Fleer said that this is the great thing about the blogging world. “There are so many eyes and ears focused elsewhere.” He hopes that by reading about those real “finds” it will lead to preserving these little places and that it may be “an anecdote to corporate mentality and takeover of our experience”.

I hope that you will get a chance to come to this part of the country and that you will make plans to dine at Canyon Kitchen when you do. Chef Fleer’s cuisine truly is exceptional (and he is an awfully nice guy, too!). This restaurant is one of the highlights here in the mountains. There is nothing better than spending a Summer evening dining in the Jennings Barn at Canyon Kitchen with all the doors open surrounded by views of the box canyon. There is a certain glow that radiates from this restaurant when the sun sets in the evenings and the lights are turned down low. It is a very special place.

Chef Fleer shared his fabulous recipe for Buttermilk Panna Cotta with Strawberry-Champagne Soup with me so that I could share it with you. I just prepared it over the holiday weekend for friends and it truly was one of the best desserts I have ever had!


Dining in the Highlands-Cashiers plateau. Buttermilk Panna Cotta with Strawberry-Champagne Soup.

Buttermilk Panna Cotta with Strawberry-Champagne Soup

Courtesy of Chef John Fleer
Serves 12


Buttermilk Panna Cotta
1 tablespoon (1/4 ounce package) unflavored, granulated gelatin
1/4 cup water
1 1/2 cups half-and-half
3/4 cup sugar
2 each vanilla beans, split, scraped
2 1/4 cups buttermilk (room temperature)

Strawberry-Champagne Soup
(Yield: 1 1/2 quarts; Serves 12 4-ounce portions)
2 pints strawberries, washed, cleaned of stems, and halved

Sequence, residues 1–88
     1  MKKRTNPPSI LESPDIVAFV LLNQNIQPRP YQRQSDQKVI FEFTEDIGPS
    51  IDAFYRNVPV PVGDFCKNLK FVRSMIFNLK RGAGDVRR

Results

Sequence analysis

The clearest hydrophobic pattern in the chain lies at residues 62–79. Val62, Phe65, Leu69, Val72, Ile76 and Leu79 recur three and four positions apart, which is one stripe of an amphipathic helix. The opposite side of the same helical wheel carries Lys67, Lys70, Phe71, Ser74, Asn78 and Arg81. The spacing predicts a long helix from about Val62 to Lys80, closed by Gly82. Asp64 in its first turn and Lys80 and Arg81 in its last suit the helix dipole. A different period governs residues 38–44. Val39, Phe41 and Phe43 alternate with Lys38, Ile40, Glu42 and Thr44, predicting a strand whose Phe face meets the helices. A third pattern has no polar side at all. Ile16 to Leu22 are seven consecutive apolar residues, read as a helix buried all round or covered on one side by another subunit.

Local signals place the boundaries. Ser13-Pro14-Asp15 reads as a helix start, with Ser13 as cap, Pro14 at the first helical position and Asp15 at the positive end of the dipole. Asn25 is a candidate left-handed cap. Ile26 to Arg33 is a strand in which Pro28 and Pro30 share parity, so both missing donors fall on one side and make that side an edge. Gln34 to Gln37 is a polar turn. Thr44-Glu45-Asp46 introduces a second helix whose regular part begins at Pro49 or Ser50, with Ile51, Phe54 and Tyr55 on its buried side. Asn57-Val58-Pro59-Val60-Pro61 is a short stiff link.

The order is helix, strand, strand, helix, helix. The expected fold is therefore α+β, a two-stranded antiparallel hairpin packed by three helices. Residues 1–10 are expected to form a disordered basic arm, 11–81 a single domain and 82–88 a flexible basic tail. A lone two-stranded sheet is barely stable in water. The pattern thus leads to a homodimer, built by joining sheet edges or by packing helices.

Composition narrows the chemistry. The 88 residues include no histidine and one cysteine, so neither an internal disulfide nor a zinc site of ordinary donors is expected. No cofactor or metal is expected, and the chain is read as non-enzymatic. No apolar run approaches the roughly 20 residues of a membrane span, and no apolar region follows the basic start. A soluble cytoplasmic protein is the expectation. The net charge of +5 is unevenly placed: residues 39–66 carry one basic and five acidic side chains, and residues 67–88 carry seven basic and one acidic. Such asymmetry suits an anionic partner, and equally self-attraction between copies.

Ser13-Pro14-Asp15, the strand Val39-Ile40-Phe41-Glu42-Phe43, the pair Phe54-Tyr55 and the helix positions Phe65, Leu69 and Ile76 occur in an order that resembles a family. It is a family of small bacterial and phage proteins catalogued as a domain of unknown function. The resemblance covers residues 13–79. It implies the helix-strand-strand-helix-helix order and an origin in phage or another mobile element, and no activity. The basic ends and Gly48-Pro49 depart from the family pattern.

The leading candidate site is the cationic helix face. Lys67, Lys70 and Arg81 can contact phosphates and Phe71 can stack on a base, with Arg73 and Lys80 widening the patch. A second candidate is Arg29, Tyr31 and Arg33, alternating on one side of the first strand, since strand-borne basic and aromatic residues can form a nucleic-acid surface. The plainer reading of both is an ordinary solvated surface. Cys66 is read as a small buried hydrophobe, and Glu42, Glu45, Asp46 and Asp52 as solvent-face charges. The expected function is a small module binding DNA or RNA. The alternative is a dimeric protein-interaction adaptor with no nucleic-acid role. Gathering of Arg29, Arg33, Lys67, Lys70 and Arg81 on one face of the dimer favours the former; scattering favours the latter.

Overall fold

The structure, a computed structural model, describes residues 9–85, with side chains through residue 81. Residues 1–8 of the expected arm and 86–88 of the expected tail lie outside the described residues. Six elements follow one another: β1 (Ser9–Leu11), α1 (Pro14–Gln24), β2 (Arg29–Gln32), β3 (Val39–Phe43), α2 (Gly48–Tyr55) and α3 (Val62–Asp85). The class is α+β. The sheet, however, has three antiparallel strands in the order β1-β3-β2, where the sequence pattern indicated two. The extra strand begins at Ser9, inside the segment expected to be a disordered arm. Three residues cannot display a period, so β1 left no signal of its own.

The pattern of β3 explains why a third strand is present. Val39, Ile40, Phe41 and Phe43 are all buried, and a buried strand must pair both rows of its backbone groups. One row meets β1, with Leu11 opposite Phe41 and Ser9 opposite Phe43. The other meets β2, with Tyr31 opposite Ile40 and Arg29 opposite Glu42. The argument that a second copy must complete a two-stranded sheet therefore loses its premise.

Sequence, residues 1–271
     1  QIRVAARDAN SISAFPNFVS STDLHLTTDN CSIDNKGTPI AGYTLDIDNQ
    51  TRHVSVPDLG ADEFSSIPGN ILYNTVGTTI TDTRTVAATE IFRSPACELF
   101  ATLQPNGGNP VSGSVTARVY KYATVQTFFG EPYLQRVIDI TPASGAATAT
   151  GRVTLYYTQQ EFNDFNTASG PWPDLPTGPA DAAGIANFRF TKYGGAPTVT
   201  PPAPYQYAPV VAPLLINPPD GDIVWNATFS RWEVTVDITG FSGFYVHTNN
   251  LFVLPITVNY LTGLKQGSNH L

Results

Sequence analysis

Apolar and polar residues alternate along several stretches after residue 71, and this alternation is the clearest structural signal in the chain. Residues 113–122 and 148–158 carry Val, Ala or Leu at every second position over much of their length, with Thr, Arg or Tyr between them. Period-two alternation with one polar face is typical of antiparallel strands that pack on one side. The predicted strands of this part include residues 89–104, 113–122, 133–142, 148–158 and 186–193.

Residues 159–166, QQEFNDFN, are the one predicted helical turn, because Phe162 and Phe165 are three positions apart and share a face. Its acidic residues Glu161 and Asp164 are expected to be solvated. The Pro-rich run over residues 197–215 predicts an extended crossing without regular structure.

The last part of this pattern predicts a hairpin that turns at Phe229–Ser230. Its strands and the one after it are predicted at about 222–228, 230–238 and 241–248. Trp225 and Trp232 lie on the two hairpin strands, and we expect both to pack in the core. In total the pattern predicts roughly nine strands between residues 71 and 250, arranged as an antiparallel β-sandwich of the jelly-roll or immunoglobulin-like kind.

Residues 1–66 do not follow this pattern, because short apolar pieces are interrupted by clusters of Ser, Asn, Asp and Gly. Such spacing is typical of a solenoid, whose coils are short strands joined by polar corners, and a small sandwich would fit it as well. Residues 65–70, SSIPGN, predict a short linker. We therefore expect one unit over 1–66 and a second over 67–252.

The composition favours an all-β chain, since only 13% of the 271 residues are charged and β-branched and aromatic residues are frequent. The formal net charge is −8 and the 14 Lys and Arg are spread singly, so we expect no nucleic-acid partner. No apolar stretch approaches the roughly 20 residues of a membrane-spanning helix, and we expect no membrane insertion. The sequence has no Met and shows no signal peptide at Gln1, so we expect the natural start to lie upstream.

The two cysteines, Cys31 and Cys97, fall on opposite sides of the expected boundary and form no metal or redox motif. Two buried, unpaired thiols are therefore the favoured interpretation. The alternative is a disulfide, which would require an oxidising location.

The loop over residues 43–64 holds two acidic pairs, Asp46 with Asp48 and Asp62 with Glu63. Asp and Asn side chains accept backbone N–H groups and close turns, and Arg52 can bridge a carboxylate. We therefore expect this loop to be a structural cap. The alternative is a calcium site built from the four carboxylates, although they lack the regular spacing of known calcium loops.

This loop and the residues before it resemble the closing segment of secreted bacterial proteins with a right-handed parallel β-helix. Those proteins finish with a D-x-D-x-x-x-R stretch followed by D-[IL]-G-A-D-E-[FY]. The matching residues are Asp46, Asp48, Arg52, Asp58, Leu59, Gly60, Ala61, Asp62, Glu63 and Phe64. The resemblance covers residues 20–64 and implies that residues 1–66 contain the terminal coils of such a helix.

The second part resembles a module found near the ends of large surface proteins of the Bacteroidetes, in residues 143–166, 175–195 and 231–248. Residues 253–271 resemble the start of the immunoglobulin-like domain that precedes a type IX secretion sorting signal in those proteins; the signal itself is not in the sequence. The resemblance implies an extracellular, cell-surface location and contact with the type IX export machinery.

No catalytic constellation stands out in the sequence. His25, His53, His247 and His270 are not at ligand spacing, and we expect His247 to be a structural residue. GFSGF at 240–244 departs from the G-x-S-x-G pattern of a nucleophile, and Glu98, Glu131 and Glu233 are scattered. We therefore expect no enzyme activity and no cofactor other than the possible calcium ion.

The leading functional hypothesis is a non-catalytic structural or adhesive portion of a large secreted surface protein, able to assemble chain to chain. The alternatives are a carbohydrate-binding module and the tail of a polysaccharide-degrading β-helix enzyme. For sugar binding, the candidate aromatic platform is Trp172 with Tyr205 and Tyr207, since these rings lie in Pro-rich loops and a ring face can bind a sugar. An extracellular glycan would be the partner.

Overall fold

4 ounces water
8 ounces orange juice
1/2 cup sugar
1 cinnamon stick
1/4 teaspoon kosher salt
8 green peppercorns
2 tablespoons honey
1 tablespoon lemon juice
10 ounces Champagne

1 pint strawberries, stems removed, washed, diced brunoise


For Panna Cotta:
Bring half-and-half, sugar, and vanilla beans and scrapings to a simmer in a medium heavy-bottomed saucepot. Turn off heat and set aside.
Sprinkle gelatin over room temperature water. Bloom gelatin in water for five minutes. Warm the gelatin over water bath until gelatin is fully dissolved.
Whisk in dissolved gelatin and buttermilk and stir until fully combined.
Strain the mixture through a fine-meshed strainer.
Cool panna cotta mixture over ice, but do not let it set.
Ladle mixture into small ramekins or dishes.
Chill panna cottas for one hour in the refrigerator.

For Strawberry-Champagne Soup:
Bring water, orange juice, sugar, cinnamon stick, salt, honey and green peppercorns to a simmer. Let stand for one hour. Strain mixture through a fine-meshed strainer and pour over the strawberries . Put the strawberries in a blender. Puree until mixture is smooth. Stir in the lemon juice and champagne. Serve chilled.

To remove panna cottas from their dish: dip the bottom of the dish into warm water briefly and turn out onto your dessert bowl or plate. Serve cold.
Pour 4 ounces of the soup slowly to one side of the panna cotta.
Tilt the bowl to allow the soup to move to all areas surrounding the panna cotta.
Garnish with brunoise of fresh strawberries.